We know that Sennheiser is an authority on audio, often putting an eclectic twist on their products. They’ve been doing thing differently since they equivocally broke the audiophile world back in the nineties with the Orpheus headphones. Even with more ordinary offerings like their HD 630VB Headphones they still manage to release breakout products — hell, by this point they’re practically their own category.
Why’s that? Because these are travel-friendly audiophile premium headphones with adjustable bass control. I guess Hell has officially frozen over.
It’s the outward looks of the HD 630VB that catch your attention first. For those familiar with Sennheiser’s revered HD 600 series or almost anything else in the company’s lineup, bearing no resemblance to current or previous headphones. It is a collision of styling elements with brushed and polished aluminum making up the entire frame, earcup yokes, and slider. Tastefulness is starkly contrasted blue accents and leather (either Prussian or yacht blue depending on who you ask) is liberally applied for cushioning on the headband and earpads, control panel on the right for an asymmetrical look, with red fabric covering up the drivers. It is nontraditional but somewhat luxurious at the same time, polarizing in a good way.
You’ll notice the right cup has all the buttons and a big dial that is inviting you to play around with, and play with it you will. It is a free-turning rotary type with markings that you initially think is for volume but actually isn’t. This is in reality the variable bass booster: twist it clockwise for more bass or counter-clockwise for less in what amounts to a difference of ±5dB at 50Hz.
Inside of that is are the real volume adjustments and a multifunction button for playback similar to Apple control where different press can pause, rewind, change song, etc. On the bottom of the earcup there is a small switch for smartphone compatibility, just flick it to run in Apple (iOS) or Android mode. The cable is hardwired at 3.93ft but at least there’s a chin-level microphone integrated near the base.
The specifications of 23 Ohm (Ω) impedance, 114 dB (1 KHz/1Vrm) nominal SPL, frequency response of 10-42,000 Hz, and T.H.D of <0.08% fit among the necessary requirements of Hi-Res certification so no surprise there. The microphone is equally compliant with 100-10,000Hz of frequency response too.
From DAPs (HiFiMAN MegaMini, Astell&Kern AK70) to amplifiers (Sony TA-A1ES), I stuck primarily to hi-res music in both FLAC and DSD formats during my review. Since the HD 630VB are closed-back circumaural headphones they will isolate you from the annoyances of the outside environment, meaning it’ll just be you and your favorite playlists just as the audiophile gods intended.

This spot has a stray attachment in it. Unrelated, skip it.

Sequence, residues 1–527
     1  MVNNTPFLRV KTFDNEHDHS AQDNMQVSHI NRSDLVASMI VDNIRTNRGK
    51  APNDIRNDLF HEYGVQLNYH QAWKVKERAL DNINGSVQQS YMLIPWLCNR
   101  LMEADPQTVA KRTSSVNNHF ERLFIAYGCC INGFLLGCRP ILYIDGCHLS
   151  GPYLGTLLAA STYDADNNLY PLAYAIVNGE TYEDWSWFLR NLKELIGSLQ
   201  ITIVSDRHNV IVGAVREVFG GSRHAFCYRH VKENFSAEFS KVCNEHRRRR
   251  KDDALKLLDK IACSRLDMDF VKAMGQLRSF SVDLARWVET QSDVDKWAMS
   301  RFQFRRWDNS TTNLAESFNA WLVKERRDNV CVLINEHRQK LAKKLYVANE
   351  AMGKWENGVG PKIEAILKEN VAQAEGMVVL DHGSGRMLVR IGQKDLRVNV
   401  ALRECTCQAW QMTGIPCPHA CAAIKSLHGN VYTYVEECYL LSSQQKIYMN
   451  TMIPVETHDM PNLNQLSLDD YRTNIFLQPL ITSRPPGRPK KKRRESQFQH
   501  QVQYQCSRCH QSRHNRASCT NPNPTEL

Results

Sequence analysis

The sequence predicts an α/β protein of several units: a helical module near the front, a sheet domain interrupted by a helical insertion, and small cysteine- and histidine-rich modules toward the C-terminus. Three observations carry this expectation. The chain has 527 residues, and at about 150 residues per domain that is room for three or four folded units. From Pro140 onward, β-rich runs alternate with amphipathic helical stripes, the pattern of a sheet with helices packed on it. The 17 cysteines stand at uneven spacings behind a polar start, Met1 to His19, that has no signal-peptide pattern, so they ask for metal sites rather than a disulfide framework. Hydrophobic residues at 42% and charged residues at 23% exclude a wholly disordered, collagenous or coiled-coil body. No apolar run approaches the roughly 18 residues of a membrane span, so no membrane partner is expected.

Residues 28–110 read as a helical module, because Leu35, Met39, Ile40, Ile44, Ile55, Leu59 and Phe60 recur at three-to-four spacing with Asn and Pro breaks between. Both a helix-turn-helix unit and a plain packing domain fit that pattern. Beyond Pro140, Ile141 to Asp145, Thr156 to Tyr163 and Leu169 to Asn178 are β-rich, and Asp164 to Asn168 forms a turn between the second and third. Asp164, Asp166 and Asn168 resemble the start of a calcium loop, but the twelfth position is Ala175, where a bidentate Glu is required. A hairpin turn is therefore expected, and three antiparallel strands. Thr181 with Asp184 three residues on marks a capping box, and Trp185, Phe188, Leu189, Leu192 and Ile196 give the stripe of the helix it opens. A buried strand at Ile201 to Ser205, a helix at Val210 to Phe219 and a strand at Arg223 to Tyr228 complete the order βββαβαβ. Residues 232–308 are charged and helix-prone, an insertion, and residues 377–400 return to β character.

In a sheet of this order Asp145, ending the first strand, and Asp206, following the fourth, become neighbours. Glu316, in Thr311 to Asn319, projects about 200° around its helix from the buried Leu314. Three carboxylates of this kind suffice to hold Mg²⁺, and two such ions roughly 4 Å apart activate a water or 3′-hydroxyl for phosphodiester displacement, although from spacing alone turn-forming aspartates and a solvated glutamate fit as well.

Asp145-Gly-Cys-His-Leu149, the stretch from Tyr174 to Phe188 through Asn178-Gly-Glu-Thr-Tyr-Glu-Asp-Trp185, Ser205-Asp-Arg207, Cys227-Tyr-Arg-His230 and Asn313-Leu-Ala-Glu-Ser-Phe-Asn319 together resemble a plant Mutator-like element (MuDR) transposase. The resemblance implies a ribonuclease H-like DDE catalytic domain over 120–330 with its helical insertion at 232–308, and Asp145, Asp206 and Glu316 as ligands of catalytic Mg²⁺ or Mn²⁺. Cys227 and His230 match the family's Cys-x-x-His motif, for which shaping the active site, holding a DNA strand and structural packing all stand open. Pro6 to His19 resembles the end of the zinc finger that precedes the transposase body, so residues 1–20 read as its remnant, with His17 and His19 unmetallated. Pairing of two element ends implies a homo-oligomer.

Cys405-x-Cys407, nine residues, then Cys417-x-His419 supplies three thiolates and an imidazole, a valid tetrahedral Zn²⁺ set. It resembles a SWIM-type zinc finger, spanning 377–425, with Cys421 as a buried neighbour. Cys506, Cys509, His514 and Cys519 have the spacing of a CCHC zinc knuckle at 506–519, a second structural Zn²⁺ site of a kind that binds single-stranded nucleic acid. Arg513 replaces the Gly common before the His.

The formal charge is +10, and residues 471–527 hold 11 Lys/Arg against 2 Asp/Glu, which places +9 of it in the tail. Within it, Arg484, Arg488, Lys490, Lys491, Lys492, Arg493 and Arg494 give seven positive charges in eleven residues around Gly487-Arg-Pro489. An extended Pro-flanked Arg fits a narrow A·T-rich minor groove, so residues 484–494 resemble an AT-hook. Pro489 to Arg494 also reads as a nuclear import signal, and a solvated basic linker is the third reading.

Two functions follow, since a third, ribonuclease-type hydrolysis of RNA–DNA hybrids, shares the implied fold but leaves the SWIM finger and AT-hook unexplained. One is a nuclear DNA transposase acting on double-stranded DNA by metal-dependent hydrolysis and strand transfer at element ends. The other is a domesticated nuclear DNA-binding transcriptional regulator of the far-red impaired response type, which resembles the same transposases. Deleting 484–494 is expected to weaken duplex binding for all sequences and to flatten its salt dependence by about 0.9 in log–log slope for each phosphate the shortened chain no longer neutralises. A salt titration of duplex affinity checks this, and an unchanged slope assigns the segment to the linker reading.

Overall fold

The HD 630VB are built for true portability with an emphasis on being high-end. There are few headphones that are actually suitable for the slog of morning commutes while still producing a pure studio-grade output, and these are among them. It’s not all roses, unfortunately, as that mobility comes with a heavy cost: at 0.88 pounds (400g) and a bulky (albeit foldable) frame they aren’t featherweight.
Variable Bass and You
The selling point of the HD 630VB is the option of variable bass, an uncommon feature that you don’t see much, let alone on premium-oriented headphones. My initial impression was one of subtly and didn’t make a huge difference at first, less instantaneous than imagined.
However, a level of bass does reveal itself the more you listen without compromising overall quality. The tonal balance and treble are crisp, and clarity holds up quite well even when you crank up the volume. In general, imaging is pretty spacious but midrange performance feels recessed, also typical of closed-back headphones. Clarity is accounted for but overall engagement isn’t a core ability of the HD 630VB.
This is where the addition of bass helps the HD 630VB stand out among its peers. You probably won’t get anything with the minimum setting until you dial it up to halfway, with the most effective sound coming out at maximum. Obviously I recommend leaving it on all the way because music is comparatively fuller as a result. This fits the characteristics for rock, hip-hop, and techno/EDM, genres that are usually a poor fit for audiophile-like headphones in dynamic form. At least that’s the supposed advantage.
About the Bass
Sennheiser’s HD 630VB Headphones are a rarity in their class as they manage to blend articulate performance with adjustable bass, and look great doing it. This isn’t the first attempt by a company to put more common features into pricier headphones, but I suppose it’s still admirable effort in trying something unique. Clearly, there other choices that are a tad more affordable, but Sennheiser has produced a premium product that certainly work their magic with the right music.